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Failure to develop defendant’s testimony, object to hearsay didn’t prejudice defense

State v. Akim A. Brown, 2017AP1332-CR, District 1, 11/6/18 (not recommended for publication); case activity (including briefs)

Brown, charged with second degree sexual assault of L.S., testified their sexual encounter was consensual. He argues trial counsel was ineffective for failing to elicit from him certain testimony that would have helped show the encounter was consensual and for failing to object to testimony about L.S.’s prior consistent statements. The court of appeals concludes counsel’s shortcomings didn’t prejudice Brown’s defense.

L.S. testified she did not consent to sexual intercourse, while Brown testified to a course of interaction between the two that tended to show she did. (¶¶2-7, 10-11). He argues trial counsel should have elicited his testimony about L.S. stimulating herself during sexual intercourse, as that would have helped establish the consensual nature of the encounter. (¶14). The evidence “is certainly relevant to the primary issue in this case[;]” but, the court says, “Brown’s testimony about the incident was very detailed and included other information that suggested that the intercourse was consensual, ….” (¶22). Thus, even if trial counsel was deficient on this point, Brown hasn’t shown prejudice–i.e., that the verdict would have been different had the jury heard testimony about L.S.’s self-stimulation in addition to the other substantial testimony  from Brown suggesting L.S. consented to sexual intercourse. (¶23).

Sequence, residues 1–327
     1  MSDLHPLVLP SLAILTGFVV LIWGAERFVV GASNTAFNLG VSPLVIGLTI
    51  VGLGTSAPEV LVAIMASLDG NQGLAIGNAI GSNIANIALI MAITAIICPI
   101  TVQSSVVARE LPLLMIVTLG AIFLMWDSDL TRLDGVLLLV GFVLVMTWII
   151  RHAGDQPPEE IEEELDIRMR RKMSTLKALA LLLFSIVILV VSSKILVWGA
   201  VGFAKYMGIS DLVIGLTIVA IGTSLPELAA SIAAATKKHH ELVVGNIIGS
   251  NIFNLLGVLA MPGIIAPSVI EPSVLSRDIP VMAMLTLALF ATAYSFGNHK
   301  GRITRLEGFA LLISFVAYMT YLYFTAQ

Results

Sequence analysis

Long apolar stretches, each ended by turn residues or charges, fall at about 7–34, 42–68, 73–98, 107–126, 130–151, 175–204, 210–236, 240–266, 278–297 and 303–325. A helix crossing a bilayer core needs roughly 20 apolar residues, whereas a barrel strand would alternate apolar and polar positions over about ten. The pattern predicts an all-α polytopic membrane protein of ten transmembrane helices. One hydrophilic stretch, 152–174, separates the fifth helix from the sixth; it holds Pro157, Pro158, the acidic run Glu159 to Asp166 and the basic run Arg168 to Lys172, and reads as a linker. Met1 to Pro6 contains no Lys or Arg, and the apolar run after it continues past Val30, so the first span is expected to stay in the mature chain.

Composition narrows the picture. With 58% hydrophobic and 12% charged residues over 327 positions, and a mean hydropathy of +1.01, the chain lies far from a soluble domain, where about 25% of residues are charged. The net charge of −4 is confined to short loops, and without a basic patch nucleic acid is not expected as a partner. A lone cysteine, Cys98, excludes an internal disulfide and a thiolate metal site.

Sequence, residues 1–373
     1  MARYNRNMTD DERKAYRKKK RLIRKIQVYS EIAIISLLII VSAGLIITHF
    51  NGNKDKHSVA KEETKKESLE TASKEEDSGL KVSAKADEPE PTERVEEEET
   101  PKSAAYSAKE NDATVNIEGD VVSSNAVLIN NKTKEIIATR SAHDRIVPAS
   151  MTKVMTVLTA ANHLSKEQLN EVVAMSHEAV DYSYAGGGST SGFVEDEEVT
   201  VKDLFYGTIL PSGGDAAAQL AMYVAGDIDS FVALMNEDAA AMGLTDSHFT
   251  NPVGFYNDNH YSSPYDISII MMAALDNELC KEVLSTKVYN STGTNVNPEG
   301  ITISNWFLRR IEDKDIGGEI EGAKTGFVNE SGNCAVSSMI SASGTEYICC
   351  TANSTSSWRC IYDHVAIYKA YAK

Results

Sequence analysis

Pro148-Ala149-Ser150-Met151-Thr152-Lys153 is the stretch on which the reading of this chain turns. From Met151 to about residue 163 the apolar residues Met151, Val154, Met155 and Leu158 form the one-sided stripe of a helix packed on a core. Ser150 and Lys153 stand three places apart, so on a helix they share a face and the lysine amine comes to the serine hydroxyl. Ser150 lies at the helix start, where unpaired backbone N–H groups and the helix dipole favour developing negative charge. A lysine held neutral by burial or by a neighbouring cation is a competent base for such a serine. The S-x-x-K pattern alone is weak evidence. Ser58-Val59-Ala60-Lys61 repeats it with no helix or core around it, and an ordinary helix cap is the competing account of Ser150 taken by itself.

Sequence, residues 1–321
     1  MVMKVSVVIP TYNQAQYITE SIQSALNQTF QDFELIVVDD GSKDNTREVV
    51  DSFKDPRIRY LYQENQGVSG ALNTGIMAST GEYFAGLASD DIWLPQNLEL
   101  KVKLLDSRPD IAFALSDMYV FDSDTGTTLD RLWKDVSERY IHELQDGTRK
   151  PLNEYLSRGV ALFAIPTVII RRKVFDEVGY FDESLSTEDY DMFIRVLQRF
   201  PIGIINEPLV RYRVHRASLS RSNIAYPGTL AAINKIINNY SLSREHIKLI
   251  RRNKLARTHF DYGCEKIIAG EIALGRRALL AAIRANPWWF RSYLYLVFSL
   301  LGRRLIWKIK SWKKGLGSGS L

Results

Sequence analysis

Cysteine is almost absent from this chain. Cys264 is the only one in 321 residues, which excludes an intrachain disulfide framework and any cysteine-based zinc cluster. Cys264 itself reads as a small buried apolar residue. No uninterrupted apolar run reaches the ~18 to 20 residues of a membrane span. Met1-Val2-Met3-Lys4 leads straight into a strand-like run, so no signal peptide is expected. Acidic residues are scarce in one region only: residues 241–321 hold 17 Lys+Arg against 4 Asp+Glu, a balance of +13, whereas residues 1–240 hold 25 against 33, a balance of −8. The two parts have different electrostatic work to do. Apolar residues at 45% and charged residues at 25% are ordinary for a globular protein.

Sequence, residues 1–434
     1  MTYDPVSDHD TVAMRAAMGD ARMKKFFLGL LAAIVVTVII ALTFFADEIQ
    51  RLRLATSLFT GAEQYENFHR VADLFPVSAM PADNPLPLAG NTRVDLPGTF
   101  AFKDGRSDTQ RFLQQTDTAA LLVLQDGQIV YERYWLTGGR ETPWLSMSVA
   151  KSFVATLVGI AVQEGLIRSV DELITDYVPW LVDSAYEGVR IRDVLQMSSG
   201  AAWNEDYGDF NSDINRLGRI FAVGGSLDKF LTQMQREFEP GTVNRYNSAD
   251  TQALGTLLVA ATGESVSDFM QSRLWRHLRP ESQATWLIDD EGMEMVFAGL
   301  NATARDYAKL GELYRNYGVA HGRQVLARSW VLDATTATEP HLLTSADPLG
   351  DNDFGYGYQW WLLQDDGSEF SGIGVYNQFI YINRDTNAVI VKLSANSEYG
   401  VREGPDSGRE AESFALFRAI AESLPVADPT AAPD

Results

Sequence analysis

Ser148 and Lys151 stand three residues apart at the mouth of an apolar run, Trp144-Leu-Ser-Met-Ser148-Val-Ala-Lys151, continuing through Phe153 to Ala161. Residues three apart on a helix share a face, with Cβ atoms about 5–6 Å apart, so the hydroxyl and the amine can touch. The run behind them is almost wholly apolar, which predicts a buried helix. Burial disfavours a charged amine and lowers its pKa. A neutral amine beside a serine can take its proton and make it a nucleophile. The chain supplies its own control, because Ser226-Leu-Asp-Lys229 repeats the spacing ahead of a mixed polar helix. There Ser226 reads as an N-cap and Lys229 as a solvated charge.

The court also agrees trial counsel probably should have objected to the testimony about the statements L.S. made about the incident to a friend and to the police. (¶¶8-9, 14). The court rejects the state’s claim they were admissible as prior consistent statements under § 908.01(4)(a)2. because Brown was claiming L.S. fabricated her story. Alleging a complainant is lying during cross-examination “is not sufficient to render the prior consistent statement admissible.” State v. Mainiero, 189 Wis. 2d 80, 102-03, 525 N.W.2d 304 (Ct. App. 1994). (¶¶25-26) Again, however, trial counsel’s failure didn’t prejudice Brown. The jury heard an “abundance of details regarding the night of the incident, many of which suggest that L.S. was a willing participant in their sexual encounter,” and some of which were also included in the testimony about L.S.’s prior consistent statements. (¶¶26-27).

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